The purpose of a local council is to provide necessary local services to residents and businesses.  This includes council housing, fire and rescue, environmental health, planning, transport and roads, alcohol licensing, funerals and burial services, social services and, one of the initial services from local councils, waste disposal.  The level of many of these functions is controlled by direct legislation from central government, making it impossible for councils to operate independently.  It’s important to understand that, although councils often provide cultural services, they do not have a statutory responsibility to do so – this is why local arts and other cultural provision has been cut so deeply since 2010, in the face of an expected 40% reduction in local council funding between 2010 and 2020.  Many councils have seen cuts much larger than this already, particularly outside of London and in the poorest areas.  Councils do, however, have a statutory responsibility to provide public library services and parks.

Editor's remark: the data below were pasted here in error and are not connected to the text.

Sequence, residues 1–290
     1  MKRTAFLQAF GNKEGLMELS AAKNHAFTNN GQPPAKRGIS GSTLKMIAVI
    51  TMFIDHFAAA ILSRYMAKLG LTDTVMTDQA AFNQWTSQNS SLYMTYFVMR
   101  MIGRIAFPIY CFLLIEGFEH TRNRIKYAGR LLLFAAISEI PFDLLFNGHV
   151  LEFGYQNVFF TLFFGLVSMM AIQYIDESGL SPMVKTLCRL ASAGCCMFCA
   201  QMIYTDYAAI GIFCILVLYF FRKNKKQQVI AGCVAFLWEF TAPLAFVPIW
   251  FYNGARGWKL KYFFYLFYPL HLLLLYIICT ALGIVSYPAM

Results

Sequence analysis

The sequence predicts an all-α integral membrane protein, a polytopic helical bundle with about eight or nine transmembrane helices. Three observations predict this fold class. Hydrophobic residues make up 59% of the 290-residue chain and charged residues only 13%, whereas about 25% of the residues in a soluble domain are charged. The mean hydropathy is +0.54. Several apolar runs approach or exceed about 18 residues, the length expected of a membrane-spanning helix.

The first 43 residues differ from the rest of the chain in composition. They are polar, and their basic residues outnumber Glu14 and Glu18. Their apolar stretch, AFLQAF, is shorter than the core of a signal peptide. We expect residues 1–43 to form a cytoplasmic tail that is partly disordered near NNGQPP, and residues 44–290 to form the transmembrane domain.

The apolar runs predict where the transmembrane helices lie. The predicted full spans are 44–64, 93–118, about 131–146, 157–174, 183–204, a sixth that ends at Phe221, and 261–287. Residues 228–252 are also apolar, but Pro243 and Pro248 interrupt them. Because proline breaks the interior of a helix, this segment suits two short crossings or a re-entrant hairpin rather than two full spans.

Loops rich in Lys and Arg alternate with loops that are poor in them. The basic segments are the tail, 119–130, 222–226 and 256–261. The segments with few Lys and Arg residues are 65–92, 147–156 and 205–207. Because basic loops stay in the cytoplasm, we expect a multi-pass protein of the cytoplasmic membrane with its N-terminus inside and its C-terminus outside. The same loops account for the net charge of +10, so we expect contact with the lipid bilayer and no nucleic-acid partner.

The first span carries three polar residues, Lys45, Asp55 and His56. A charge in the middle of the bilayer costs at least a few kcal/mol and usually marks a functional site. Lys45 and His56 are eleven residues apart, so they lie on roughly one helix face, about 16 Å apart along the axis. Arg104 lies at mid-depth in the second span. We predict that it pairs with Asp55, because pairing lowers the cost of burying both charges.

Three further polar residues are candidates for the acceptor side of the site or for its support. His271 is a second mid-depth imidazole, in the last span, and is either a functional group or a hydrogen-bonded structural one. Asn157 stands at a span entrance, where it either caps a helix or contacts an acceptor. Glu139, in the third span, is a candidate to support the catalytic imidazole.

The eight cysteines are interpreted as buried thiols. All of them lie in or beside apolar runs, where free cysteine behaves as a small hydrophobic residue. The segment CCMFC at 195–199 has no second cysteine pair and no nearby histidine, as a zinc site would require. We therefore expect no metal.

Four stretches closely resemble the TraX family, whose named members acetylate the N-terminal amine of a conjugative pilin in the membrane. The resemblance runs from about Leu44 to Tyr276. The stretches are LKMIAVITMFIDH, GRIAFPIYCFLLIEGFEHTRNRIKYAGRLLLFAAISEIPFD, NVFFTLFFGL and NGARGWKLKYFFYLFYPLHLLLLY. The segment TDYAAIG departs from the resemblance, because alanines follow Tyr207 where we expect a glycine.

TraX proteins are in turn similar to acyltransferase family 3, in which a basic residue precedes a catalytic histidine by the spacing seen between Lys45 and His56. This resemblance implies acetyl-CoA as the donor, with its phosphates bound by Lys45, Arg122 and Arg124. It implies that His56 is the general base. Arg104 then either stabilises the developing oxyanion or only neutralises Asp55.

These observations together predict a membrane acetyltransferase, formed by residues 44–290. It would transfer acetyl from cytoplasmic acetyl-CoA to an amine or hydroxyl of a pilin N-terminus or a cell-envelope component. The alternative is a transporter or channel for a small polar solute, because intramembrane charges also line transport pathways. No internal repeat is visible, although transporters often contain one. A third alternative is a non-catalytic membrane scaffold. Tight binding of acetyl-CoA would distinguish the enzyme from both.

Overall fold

As of October 2017, 143 out of 375 (38%) of local authorities in England and Wales have no dedicated arts officer or direct arts service – traditionally the first point of contact for council cultural services that provided a vital arts network point in many local communities.  The remaining 232 (62%) have services that are vulnerable to cuts and, like pretty much all local authorities, the majority are operating in reduced financial circumstances or folding such services into other leisure activity.  Sitting separately to local councils, the Greater London Authority (GLA) also has no statutory duty to enforce cultural provision even as it has a duty to create a cultural strategy; the GLA works hard to ensure that culture is embedded in its other, statutory functions as much as possible.